Millennial Money

BIS raises concerns over future of metaverses, advocates for strong public policy framework

The Bank for International Settlements (BIS) has issued a stark warning about the potential for fragmentation and the risk of dominance by private firms within the nascent metaverse, emphasizing the crucial role of public policies in safeguarding this digital ecosystem’s future.

In a comprehensive report published on Feb. 7, the watchdog highlighted how the metaverse’s promise of economic revolution across sectors such as gaming, e-commerce, and education might be compromised without strategic oversight to ensure equitable access, data privacy, and robust consumer protections.

Additionally, the BIS called for a concerted effort among global regulators, central banks, and policymakers to craft regulations that foster innovation, protect users, and maintain the integrity of digital transactions.

According to the BIS:

“The emergence of the metaverse is a call to action for policymakers to future-proof our digital economies.”

The report also highlights the role of Central Bank Digital Currencies (CBDCs) in ensuring the metaverse “remains an open, interoperable platform, free from the control of any single entity.”

Risks of dominance

The BIS report delves into the implications of services in the metaverse, touching on various aspects, including the role of payment services and the potential challenges and opportunities presented by this new digital ecosystem.

It discusses the potential for fragmentation within the metaverse. It emphasizes the need for a concerted effort to prevent virtual environments and money from becoming fragmented and dominated by powerful private firms.

The report advocates for more efficient and interoperable payment systems that can fulfill user demands, highlighting the importance of central banks and financial regulators in understanding and influencing the choice of payment instruments within the metaverse.

The BIS suggests reinforcing efforts to promote interoperability among payment systems to prevent fragmentation and ensure the metaverse remains a competitive, inclusive platform. This approach aims to avoid a scenario where the digital space becomes dominated by a few large entities, potentially stifling innovation and restricting access.

The emphasis is on the need for a regulatory framework that supports efficient payments, data privacy, digital ownership, and consumer protection, thereby fostering a more equitable and accessible digital economy.

The role of CBDCs

The BIS report also positions CBDCs as a pivotal element in developing the metaverse’s financial infrastructure, highlighting their potential to provide secure, efficient, and interoperable payment solutions that could significantly impact virtual environments’ economic and regulatory landscape.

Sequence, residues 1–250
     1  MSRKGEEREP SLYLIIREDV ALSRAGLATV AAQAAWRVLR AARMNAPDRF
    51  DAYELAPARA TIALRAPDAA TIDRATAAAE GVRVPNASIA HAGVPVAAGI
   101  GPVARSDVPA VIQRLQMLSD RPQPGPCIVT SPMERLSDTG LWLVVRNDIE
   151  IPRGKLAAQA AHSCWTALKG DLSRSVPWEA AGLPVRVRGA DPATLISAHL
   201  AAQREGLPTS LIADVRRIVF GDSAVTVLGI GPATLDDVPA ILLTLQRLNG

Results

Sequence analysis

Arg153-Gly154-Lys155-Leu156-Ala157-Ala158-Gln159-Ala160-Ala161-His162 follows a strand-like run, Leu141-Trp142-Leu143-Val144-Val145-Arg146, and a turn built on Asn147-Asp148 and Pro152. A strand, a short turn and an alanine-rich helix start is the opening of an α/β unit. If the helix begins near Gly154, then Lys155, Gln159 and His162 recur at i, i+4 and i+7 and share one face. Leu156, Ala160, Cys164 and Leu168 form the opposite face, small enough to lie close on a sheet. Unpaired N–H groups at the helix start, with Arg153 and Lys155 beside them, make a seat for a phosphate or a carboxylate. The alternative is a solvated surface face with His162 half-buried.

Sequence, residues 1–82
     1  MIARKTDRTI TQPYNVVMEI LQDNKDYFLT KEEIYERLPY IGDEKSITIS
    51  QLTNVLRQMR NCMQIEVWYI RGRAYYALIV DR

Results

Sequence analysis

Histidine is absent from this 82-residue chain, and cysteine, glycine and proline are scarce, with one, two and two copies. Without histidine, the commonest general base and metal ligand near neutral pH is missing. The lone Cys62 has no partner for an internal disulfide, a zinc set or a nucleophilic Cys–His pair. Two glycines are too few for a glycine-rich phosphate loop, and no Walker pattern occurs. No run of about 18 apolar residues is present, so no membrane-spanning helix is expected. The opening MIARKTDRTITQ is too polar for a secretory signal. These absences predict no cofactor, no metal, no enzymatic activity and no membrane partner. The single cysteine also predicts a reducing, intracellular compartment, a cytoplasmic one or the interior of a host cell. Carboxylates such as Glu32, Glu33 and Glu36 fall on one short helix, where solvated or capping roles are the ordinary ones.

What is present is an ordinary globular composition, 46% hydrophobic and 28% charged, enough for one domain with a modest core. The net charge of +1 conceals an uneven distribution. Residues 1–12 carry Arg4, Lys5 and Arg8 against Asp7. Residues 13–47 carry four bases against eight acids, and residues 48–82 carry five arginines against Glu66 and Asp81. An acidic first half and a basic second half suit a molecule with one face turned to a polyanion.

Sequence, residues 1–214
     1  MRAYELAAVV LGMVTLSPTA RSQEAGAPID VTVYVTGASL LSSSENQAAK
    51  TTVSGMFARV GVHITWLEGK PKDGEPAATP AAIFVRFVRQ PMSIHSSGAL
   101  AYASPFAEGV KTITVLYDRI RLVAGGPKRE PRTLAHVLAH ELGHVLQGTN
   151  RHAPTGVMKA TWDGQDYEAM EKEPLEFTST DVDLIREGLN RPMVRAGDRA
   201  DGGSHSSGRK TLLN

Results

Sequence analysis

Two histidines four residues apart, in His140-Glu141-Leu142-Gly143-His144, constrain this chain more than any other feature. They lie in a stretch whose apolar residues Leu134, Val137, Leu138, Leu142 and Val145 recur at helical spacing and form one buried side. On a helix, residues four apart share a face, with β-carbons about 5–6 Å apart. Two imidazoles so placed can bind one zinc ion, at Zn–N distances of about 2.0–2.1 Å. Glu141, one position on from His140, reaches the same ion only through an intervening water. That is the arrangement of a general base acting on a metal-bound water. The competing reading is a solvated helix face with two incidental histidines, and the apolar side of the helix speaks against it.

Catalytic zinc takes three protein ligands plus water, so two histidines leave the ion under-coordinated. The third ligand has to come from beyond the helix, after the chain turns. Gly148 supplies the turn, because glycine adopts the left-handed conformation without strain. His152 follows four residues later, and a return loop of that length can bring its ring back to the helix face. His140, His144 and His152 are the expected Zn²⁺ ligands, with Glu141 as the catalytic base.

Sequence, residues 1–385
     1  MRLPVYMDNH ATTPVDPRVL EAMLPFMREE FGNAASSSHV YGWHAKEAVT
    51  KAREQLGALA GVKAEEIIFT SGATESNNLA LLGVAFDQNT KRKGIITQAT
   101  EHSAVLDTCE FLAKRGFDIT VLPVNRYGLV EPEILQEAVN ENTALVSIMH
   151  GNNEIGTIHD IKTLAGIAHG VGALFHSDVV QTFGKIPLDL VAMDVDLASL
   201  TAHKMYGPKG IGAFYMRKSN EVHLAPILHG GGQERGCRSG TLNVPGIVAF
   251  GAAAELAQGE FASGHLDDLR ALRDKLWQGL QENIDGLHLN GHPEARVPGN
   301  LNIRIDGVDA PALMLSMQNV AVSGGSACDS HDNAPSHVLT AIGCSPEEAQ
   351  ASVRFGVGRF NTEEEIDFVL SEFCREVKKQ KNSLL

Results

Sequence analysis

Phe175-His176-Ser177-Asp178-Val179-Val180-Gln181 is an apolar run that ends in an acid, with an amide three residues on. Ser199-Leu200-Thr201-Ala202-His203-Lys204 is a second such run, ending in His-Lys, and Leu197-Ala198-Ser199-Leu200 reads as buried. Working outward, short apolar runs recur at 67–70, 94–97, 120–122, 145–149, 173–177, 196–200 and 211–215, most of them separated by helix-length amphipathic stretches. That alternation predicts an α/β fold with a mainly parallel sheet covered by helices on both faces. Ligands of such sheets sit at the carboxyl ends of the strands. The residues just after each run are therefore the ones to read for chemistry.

The document notes that more central banks are exploring the design of CBDCs, with several pilots going live. It distinguishes between retail CBDCs, which would be directly accessible by households and businesses (potentially with services provided by banks and non-bank digital wallet providers), and wholesale CBDCs, which are confined to financial institutions and could support tokenized deposits and the tokenization of real and financial assets.

A significant emphasis is placed on the potential of CBDCs to facilitate much faster and cheaper cross-border payments, improving today’s correspondent banking system. This could be particularly important for the metaverse, where users are likely based in multiple jurisdictions. Multi-CBDC arrangements could enable faster, more cost-efficient transactions between the fiat currencies of different users.

The report mentions projects like mBridge and Icebreaker as initiatives exploring the feasibility and promise of shared platforms for multi-currency cross-border payments, highlighting the potential for CBDCs to enhance payment systems within the metaverse.

The report argues that while cryptocurrencies and other tokens have been proposed by many promoters of metaverse applications, retail fast payment systems (FPS), CBDCs, or tokenized deposits could fulfill similar roles.

The watchdog emphasized the importance of public authorities deciding which instruments will be most widely used and ensuring that new virtual worlds support competition, interoperability, consumer protection, and data privacy principles.

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